Love: The Key to Open Your Customers' Hearts (and Change Their Minds)

Photo by  Tyler Nix  on  Unsplash

Photo by Tyler Nix on Unsplash

It’s a presenter’s nightmare.

You spent hours preparing a speech that you hope will make a huge impact for your business. And as you give the talk, you feel like you're in the zone, covering all your points flawlessly.

But when it comes time for Q&A . . . 

Crickets. No questions. Several people glancing at their watches or staring at their smartphones, clearly ready to move on.


Usually when an audience loses interest, it's because you get too focused...on you.  And that can be a common trap for all of us as entrepreneurs: 

We fall so in love with our own ideas (or product or company) that we forget how vital it is for us to genuinely love our audience—whether we're speaking to a large crowd for a keynote, giving a product demonstration to a customer, or presenting a business idea to investors.

We fail to engage our audience when we want so badly for them to love us. But they'll only listen to us...when they first feel our love toward them. 


That's because the key to open people’s hearts (and, ultimately, change their minds) is love.

You can make the most logical argument as to why your product (or service, presentation, or article) should be compelling for an audience, but if you fail to connect with those people on a deep emotional level, you won't likely move them to take action.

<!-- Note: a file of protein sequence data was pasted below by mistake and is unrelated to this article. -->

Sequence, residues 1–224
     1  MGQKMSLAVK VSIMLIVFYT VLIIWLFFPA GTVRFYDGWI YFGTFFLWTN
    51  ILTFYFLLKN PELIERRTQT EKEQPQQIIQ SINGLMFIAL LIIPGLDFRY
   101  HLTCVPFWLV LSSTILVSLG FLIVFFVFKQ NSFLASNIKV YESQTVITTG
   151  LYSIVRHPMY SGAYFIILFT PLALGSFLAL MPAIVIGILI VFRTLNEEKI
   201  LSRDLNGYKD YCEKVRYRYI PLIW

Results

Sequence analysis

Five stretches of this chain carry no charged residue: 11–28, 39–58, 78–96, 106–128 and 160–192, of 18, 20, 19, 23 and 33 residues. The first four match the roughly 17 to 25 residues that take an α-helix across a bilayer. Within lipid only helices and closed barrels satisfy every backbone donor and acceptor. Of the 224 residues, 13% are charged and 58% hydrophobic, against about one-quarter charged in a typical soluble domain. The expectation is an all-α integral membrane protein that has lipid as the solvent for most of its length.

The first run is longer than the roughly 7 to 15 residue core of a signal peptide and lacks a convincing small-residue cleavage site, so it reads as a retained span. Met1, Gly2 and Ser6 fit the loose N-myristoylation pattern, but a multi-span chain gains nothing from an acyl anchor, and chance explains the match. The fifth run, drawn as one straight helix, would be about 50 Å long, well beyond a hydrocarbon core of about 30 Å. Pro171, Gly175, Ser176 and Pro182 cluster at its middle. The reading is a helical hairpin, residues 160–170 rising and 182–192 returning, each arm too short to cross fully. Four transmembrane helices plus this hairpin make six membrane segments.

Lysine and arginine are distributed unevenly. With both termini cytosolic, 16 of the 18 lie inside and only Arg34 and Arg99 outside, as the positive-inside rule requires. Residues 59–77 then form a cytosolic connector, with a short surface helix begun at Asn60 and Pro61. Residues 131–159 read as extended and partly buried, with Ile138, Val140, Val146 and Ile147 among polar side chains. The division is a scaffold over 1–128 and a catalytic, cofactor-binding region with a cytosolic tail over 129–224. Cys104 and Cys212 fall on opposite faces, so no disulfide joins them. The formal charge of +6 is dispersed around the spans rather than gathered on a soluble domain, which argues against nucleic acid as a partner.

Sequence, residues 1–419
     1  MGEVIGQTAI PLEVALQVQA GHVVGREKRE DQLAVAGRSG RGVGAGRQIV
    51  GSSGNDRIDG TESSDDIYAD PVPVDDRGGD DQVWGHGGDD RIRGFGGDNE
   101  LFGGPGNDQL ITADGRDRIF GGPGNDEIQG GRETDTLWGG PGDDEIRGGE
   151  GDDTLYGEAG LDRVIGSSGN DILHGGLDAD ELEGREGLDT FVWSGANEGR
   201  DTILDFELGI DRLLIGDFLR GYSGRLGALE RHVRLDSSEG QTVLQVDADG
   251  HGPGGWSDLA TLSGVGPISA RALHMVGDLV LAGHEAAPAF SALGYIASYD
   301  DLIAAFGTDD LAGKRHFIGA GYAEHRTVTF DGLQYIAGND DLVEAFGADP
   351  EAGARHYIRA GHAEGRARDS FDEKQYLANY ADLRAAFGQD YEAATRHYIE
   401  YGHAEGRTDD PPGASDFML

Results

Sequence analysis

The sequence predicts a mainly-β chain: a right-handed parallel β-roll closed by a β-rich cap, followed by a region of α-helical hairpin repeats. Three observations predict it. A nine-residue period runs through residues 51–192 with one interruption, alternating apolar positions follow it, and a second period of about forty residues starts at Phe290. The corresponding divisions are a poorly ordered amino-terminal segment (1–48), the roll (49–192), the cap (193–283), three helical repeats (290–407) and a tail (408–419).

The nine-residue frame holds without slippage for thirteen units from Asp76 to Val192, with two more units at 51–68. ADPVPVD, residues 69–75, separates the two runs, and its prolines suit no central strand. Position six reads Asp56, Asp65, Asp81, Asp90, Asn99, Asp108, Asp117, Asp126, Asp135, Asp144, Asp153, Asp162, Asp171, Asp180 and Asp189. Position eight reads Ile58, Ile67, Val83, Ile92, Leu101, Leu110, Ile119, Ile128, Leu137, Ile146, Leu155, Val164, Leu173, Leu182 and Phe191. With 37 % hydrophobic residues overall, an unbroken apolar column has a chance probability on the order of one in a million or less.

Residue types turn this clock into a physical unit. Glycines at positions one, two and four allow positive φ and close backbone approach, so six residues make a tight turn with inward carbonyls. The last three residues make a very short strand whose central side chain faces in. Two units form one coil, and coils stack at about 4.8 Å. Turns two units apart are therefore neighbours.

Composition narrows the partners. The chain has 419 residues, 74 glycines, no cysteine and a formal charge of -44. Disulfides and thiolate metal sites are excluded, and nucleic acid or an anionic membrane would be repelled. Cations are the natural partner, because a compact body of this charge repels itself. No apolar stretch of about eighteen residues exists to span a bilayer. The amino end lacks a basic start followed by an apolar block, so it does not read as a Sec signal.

As O.G. Mandino put it in his perennial bestseller, The Greatest Salesman in the World: "Muscle can split a shield and even destroy life but only the unseen power of love can open the hearts of men, and until I master this art, I will remain no more than a peddler in the market place. I will make love my greatest weapon and none on whom I call can defend against its force.


But as an entrepreneur and communicator, how do you apply this power? What does love look like as it relates to communicating to an audience of conference attendees or customers?

The starting point is to immerse yourself into their world, to feel the angst they experience, and envision their aspirations.